China to Take 'Necessary Measures' to Keep Taiwan, 'Resolutely Defend' from U.S.

China has issued a new warning to U.S. President Joe Biden's administration against sailing Navy warships through the disputed waters near Taiwan. It has also called on the self-ruling island to seek reunification with the mainland ahead of the first high-profile talks between Beijing and Washington.

Responding to last week's transit of the Arleigh Burke-class guided-missile destroyer USS John Finn through the Taiwan Strait, a spokesperson for the Beijing-based Taiwan Affairs Office spokesperson Zhu Fenglian warned Wednesday that the move "sent the wrong signal to the 'Taiwan independence' separatist forces, deliberately disrupting the regional situation and undermining the peace and stability of the Taiwan Strait."

"We firmly oppose this," Zhu said, calling on the United States to abide by the "one-China principle" and "the Three Communiques" signed with China regarding the status of Taiwan since Washington and Beijing first began talks nearly half a century ago.

Washington first recognized the ruling Chinese Communist Party in Beijing in 1979, severing official ties with the rival Taipei government that had been expelled to Taiwan after losing a civil war three decades earlier. But the U.S. continues to foster unofficial diplomatic and military relations with what China considers a breakaway province.

Zhu said the Chinese armed forces were at the ready to deter U.S. moves in the sensitive region.

"The People's Liberation Army will always maintain a high level of alert and resolutely defend national sovereignty and territorial integrity," she said, noting that the Taiwan issue is "China's internal affair and does not allow any external interference."

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A destroyer detachment of the People's Liberation Army Navy Eastern Theater Command conducts live-fire drills in the East China Sea in this clip shared on March 12. Chinese People's Liberation Army Eastern Theater Command

China has always reserved the right to reintegrate Taiwan under the mainland government, and to do so either through diplomatic efforts, as with the former U.K. colony of Hong Kong and the Portuguese colony of Macau, or, if necessary, through military force.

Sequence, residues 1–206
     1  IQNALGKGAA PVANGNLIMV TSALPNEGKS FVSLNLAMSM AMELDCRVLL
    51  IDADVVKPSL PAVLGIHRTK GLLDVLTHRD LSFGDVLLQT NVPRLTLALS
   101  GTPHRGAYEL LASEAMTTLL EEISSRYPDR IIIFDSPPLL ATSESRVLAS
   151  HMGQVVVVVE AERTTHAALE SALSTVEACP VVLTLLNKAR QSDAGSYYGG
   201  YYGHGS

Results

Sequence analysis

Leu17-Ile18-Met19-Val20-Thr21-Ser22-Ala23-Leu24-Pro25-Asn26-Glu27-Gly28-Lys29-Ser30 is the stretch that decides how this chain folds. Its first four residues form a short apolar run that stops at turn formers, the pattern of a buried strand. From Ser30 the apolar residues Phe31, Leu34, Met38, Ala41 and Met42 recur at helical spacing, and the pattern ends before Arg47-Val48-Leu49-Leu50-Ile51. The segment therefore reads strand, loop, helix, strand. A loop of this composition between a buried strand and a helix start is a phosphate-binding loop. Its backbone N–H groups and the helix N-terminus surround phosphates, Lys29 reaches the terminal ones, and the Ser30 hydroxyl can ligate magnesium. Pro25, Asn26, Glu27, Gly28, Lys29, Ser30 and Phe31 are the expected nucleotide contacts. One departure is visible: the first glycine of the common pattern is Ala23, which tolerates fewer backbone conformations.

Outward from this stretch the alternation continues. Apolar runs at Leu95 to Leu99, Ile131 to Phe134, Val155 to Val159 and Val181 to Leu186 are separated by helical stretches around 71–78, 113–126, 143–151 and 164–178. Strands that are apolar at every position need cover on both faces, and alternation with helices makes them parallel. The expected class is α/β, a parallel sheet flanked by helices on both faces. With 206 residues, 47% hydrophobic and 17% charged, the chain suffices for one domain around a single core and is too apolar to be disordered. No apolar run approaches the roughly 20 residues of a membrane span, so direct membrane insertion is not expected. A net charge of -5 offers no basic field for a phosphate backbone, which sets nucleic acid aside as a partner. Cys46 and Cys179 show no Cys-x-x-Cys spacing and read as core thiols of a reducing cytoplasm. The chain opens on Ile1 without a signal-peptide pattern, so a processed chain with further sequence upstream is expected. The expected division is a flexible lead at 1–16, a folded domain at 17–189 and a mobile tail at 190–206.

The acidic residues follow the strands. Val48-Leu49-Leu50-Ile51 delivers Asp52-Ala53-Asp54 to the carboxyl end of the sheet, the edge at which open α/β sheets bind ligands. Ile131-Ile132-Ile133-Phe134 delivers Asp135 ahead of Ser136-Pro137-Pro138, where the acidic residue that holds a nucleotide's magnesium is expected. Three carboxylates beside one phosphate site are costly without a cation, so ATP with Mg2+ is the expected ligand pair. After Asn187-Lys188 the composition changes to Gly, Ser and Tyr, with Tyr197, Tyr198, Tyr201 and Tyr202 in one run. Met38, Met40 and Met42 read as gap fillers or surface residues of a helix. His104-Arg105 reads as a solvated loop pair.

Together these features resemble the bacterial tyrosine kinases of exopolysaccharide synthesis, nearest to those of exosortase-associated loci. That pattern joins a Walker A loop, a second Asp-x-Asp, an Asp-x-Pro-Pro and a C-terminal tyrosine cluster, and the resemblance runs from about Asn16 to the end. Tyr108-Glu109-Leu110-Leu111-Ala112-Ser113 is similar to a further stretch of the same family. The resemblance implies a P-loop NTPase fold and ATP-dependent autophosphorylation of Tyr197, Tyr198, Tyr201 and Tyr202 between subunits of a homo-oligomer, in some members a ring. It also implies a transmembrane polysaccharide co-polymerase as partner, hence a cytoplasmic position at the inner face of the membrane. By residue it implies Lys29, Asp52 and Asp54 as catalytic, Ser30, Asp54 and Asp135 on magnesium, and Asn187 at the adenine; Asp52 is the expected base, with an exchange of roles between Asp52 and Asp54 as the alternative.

The issue has long been a core theme of Chinese politics, and the matter came up during the annual Two Sessions meetings held earlier this month by the National People's Congress and the Chinese People's Political Consultative Conference. The gatherings produced the country's 14th Five-Year Plan, which Zhu said would serve as an opportunity to improve cross-strait ties.

She said the latest formula settled on in Beijing would emphasize investment to improve Taiwan's development, as well as "firmly promote the peaceful and integrated development of cross-strait relations, and firmly advance the process of reunification of the motherland."

But Taiwan's ruling Democratic Progress Party has declined Chinese overtures, seeking more U.S. support to fend off a potential attack should Beijing seek the military option. Taiwan President Tsai Ing-wen has suggested that the island, officially the Republic of China, already constitutes a de facto state.

Zhu issued a warning to this end.

"In order to safeguard the common interests of the compatriots on both sides of the strait and the fundamental interests of the Chinese nation," she said, "we will never sit back and watch any form of 'Taiwan independence' separatist actions, and will take all necessary measures to counteract it."

The issue is set to come up as Chinese Communist Party Central Foreign Affairs Commission Director Yang Jiechi and Foreign Minister Wang Yi sit down with Secretary of State Antony Blinken and White House national security adviser Jake Sullivan on Thursday for the first time since Biden took office in January.

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The Arleigh Burke-class guided-missile destroyer USS John Finn transits the Taiwan Street, March 10. The 7th Fleet was said by the U.S. Navy to be on a mission "to preserve and protect a free and open Indo-Pacific Region." Mass Communication Specialist 3rd Class Jason Waite/USS John Finn/U.S. Navy

One senior Biden administration official identified some top issues to come up "as Xinjiang, Hong Kong, Taiwan, economic coercion of allies" along with "concerns about China's actions to impinge on freedom of navigation – it's taking increasingly aggressive actions with respect to some of those spaces as well, but and "concerns about in the technology space, in the economic space."

Chinese officials have warned they would remain steadfast on the domestic front.

"It is the United States that has been flexing muscles and practicing coercion and intimidation," Chinese Foreign Ministry spokesperson Zhao Lijian told a press briefing Wednesday. "Issues concerning Taiwan, Hong Kong and Xinjiang are China's domestic affairs that brook no foreign interference."

He said this didn't mean, however, that such topics would be off the agenda altogether.

"We hope that, through this dialogue, the two sides can follow through on the consensus reached between President Xi Jinping and President Joe Biden in their phone call, focus on cooperation, manage differences and bring China-U.S. relations back to the right track," Zhao said. "We didn't say that Taiwan, Hong Kong- and Xinjiang-related issues cannot be discussed during the dialogue. We will brief the U.S. side on the relevant situation and express our solemn position."